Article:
Tony Williams is a Cleveland based artist whose work has been shown in numerous local, national juried shows, and international shows. His most recent “Black Creativity” Chicago, IL, “Sankofa” 14th Annual African American Fiber Arts Exhibit, Charleston, SC, “About Body About Face” Cleveland Oh, “Paper on Skin”, exhibit 2020 Tasmania, Australia, 75th Ohio Annual Exhibition at the Zanesville Museum of Art ,“seenUNseen,” Cleveland Oh. Cleveland Foundation’s Creative Fusion Fellow: Waterways to Waterways and “Contemporary Fibers”, National Juried Textile Exhibition in St. Augustine Historical Society St Augustine, FL, “Paper on Skin” 2018, exhibit Tasmania, Australia, "A Dialogue in Black and White", exhibit Charleston, SC.
As a curator his first curated show “In the Beginning” African American Artisan exhibit 1998 Tri-C Eastern Campus Gallery Highland Hills, Oh and his latest “The Ardent Thread”, 2020 Artists Archives of the Western Reserve Cleveland, Oh.
His public Art projects include The Year of the Horse, Year of the Sheep sculptures Asia Town Cleveland, Oh and The 100 Leaves sculptures Beachwood, Oh Tony is currently an artist in residence at the Morgan Conservatory working with Indigo on paper, and past recipient of a Karamu House- Room in the House artist residency.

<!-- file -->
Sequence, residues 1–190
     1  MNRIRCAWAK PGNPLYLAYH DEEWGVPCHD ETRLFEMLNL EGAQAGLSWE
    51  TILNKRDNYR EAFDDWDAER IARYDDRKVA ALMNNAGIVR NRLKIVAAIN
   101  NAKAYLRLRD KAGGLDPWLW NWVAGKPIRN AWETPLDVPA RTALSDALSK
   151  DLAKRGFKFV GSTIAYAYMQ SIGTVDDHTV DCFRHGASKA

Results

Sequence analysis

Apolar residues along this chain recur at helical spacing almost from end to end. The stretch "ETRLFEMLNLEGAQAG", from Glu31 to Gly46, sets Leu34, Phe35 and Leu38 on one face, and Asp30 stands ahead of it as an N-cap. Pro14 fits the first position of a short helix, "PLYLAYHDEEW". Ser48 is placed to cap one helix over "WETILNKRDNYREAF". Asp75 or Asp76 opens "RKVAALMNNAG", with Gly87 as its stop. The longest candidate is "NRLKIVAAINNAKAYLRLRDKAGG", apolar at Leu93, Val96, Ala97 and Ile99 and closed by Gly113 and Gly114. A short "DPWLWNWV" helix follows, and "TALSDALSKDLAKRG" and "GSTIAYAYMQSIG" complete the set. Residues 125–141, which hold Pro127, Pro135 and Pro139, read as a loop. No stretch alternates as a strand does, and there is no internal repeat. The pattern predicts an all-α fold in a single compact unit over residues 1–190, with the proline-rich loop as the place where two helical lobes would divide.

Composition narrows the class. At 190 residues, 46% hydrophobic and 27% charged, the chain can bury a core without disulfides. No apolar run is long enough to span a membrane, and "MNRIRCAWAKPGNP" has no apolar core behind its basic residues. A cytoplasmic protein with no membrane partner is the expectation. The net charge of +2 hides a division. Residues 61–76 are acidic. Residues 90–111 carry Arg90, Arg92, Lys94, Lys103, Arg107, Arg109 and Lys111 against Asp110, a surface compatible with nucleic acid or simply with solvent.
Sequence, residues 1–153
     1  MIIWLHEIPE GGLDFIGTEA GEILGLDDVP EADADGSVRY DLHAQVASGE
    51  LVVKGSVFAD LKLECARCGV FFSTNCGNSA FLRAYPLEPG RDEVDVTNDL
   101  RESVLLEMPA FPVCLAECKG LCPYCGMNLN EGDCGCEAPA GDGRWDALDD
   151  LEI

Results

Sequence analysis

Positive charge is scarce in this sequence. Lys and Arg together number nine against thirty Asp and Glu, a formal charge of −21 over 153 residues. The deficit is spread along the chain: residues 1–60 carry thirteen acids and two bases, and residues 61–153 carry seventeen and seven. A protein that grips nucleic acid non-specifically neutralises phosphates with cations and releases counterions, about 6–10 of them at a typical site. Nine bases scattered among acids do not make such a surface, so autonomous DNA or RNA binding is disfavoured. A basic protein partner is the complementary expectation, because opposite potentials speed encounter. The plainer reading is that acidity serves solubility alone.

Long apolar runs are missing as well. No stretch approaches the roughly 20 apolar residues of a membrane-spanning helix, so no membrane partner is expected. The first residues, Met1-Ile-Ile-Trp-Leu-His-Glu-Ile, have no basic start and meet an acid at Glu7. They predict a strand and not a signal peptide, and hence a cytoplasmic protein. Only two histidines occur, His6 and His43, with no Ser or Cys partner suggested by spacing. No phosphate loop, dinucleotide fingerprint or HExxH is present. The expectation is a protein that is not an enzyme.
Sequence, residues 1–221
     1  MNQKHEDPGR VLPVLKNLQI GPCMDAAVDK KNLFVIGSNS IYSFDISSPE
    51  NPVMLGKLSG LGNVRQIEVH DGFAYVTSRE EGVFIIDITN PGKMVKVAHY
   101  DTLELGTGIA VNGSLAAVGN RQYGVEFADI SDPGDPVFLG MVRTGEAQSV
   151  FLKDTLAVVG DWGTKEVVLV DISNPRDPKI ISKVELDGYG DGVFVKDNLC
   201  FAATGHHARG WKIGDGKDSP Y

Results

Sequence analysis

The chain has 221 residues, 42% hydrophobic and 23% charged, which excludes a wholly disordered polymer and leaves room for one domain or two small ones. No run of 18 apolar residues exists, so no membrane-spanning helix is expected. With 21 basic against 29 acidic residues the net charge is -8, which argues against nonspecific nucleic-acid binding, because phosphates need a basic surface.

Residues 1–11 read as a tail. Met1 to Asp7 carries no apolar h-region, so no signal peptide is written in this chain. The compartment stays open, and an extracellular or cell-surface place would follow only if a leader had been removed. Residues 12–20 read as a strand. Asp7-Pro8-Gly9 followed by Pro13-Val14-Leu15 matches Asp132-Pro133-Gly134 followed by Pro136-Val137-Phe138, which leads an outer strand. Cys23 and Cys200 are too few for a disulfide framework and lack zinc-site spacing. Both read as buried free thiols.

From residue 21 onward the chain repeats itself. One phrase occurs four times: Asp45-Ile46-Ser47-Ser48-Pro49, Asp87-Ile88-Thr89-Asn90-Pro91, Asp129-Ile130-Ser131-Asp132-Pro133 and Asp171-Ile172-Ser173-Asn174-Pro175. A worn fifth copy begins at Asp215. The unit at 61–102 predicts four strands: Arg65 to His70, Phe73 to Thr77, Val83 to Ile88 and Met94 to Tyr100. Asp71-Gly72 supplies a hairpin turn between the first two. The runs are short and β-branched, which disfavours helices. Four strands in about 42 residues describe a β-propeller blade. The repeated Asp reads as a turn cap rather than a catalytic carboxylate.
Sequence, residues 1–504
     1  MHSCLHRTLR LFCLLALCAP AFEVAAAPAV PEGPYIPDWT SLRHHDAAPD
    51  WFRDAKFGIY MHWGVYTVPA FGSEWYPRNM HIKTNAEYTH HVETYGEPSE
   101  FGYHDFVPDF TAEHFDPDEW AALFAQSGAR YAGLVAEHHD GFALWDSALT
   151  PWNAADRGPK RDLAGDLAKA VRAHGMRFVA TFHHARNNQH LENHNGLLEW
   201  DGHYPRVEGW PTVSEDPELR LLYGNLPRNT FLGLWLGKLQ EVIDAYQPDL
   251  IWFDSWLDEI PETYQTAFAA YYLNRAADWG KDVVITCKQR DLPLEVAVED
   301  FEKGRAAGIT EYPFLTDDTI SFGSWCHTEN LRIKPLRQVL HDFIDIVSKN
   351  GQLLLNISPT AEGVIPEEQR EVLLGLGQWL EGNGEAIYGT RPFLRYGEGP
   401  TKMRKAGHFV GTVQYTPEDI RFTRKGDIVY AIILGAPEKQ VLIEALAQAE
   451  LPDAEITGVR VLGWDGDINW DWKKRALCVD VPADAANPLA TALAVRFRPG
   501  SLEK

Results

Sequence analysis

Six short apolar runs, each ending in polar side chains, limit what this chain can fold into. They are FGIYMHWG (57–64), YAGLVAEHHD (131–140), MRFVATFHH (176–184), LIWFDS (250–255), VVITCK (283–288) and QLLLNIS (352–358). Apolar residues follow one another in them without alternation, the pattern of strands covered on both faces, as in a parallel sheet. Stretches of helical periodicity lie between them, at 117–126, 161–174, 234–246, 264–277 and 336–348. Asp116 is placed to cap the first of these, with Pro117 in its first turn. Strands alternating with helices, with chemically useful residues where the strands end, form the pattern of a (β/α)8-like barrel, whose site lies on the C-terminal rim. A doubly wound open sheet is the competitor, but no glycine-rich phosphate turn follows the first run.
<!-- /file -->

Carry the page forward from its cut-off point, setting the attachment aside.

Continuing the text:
“Just feeling black and blue.” An exploration of Indigo and African surface design on handmade paper.
All artist go through a blue period, whether from depression or searching for an ethereal feeling, the depth of its color, to the feel the mood that blue evokes. And this is my exploration of the blues.
The blues run through my soul like my DNA my blue black skin glistening in the sunlight. As I stand on the auction block sold in to slavery for my knowledge of a plant and its deep blue color.
Indigo, known as the “Bluest of Blues” and the world’s most valued pigment, is nature’s rarest color. Derived from the Indigofera plant, Indigo is important in many spiritual and cultural aspects.
Indigo has been the foundation of centuries-old textile traditions throughout West Africa. In West African culture, Indigo symbolizes sacred associations. White is considered a connotation of serenity, insight and age, whereas blue evokes balanced brightness, richness and depth. The combination of blue and white.
Paper is such a simple, utilitarian, everyday material. It begins with plant fibers cooked mashed and beaten in water, then scooped and poured, and left to dry. Most of us give it little thought as we use it every day.
And yet, in the hands of an artists, it is transformed, into works of art and wearable creations.
Just feeling black and blue.”